8th May 1998 at 01:00

For her dissertation, trainee design and technology teacher, Christina Maylor, is researching what it is like to be a dyslexic at school, how the condition is diagnosed and whether dyslexics are bullied. Information welcome from dyslexics, teachers or anyone in contact with the condition. Address: 27 Highgate Road, Lydiate, Merseyside L31 ODA DOES OUR EDUCATION SYSTEM FAIL GIFTED CHILDREN?

Alec Weaver, third-year teacher trainee, would welcome comments from teachers for his dissertation. He has prepared a questionnaire available from: Flat 1, 7 Dudley Road, Tunbridge Wells, Kent TN1 1LE.


In New Zealand, boys' educational and behavioural problems are causing concern, but are not highlighted, as in the UK, by the media, education research community or the Government. Maureen Rutledge, a special education expert, who has been investigating this subject since 1983, is pursuing her researches at Oxford University from July to October and is to present her findings to the New Zealand Ministry of Education on her return. She would like to meet or hear from key people in educational organisations and Government officials involved in improving boys' education. Address: 31 Portland Road, Remuera, Auckland 5; e-mail: or (from July) co Peter Rutledge, Magdalen College, High Street, Oxford.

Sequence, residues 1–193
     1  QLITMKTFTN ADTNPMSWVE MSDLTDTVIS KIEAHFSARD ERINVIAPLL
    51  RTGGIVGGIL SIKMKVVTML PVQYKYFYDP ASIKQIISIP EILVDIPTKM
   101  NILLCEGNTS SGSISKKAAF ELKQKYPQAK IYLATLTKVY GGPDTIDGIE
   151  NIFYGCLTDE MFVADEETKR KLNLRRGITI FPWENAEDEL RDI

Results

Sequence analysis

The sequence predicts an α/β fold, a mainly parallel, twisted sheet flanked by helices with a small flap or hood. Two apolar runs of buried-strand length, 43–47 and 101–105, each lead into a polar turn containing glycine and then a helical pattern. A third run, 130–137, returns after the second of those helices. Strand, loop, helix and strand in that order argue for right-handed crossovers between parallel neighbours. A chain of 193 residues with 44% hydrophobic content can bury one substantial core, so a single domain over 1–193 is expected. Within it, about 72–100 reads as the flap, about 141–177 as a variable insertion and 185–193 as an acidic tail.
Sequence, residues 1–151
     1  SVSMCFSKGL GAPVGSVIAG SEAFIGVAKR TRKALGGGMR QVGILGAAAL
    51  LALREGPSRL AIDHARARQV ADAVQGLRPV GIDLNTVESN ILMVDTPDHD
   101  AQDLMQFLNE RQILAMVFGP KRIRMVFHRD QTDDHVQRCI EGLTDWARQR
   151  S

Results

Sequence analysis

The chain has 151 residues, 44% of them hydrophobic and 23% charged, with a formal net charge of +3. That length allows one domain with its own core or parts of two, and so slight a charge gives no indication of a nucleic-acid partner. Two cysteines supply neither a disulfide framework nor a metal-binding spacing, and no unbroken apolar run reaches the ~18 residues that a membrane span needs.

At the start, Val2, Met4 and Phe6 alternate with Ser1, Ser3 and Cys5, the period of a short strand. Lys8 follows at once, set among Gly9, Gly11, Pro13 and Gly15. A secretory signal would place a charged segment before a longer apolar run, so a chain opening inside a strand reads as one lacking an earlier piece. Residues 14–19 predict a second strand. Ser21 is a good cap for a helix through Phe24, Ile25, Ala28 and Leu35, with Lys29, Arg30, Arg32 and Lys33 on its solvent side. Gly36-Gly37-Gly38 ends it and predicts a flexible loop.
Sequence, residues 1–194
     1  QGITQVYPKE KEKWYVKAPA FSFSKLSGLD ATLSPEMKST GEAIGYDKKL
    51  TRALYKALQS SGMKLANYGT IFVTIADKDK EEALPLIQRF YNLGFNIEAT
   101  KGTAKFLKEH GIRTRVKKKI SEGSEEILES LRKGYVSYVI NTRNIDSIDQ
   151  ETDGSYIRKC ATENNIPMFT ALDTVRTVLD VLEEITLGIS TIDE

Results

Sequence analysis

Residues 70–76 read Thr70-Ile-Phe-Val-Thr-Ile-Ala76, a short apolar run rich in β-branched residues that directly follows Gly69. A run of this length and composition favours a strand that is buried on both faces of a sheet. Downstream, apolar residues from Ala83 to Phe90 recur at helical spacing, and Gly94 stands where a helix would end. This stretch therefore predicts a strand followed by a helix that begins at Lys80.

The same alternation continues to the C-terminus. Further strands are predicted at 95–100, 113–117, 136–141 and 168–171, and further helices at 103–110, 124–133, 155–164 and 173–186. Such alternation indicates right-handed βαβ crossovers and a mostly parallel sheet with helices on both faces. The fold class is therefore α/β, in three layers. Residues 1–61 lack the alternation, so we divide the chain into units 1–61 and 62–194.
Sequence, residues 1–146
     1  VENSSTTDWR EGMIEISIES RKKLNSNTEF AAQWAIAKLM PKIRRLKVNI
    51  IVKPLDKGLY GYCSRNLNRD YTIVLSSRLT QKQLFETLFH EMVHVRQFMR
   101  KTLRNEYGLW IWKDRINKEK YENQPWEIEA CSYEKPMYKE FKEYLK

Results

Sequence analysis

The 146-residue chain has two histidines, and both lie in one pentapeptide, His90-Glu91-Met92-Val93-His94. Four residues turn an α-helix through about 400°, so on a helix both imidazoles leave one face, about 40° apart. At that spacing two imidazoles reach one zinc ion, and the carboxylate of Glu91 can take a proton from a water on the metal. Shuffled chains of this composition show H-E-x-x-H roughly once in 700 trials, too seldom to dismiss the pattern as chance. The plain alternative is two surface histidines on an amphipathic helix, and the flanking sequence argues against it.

Jeremy Harvey is writing a biography of Marian Dunlop, teacher and founder of The Fellowship of Meditation. He wants to hear from anyone who knew her or was a pupil of hers at Putney High School, 1907-11; the Working Women's College, Beckenham, 1919-20; or her private school, Apsley Guise, 1920-28. Address: Obridge HouseRoad, Taunton, Somerset TA2 7QA, tel: 01823 276421.


A secondary school in Turkey would like to arrange June sports fixtures (excluding cricket) with a British school. These could be held in either Istanbul or the UK. Contact: Graham Burgess, principal, Isik Lisesi, Tesvikiye Caddesi 152, 80200, Nisantasi, Istanbul, Turkey; tel: 00 90 212 247 2096; e-mail: CIRCLE TIME

A teacher who has introduced Circle Time into secondary schools wants to hear from others interested in or already doing similar work. Circle Time, a form of group work, has proved invaluable in tackling bullying in many primary schools. It raises self-esteem, develops emotional intelligence, improves listening and speaking skills and helps children to solve their own emotional problems. Write to: Mr MW Jackson, 90 Bishopsfield, Harlow, Essex CM18 6UN.

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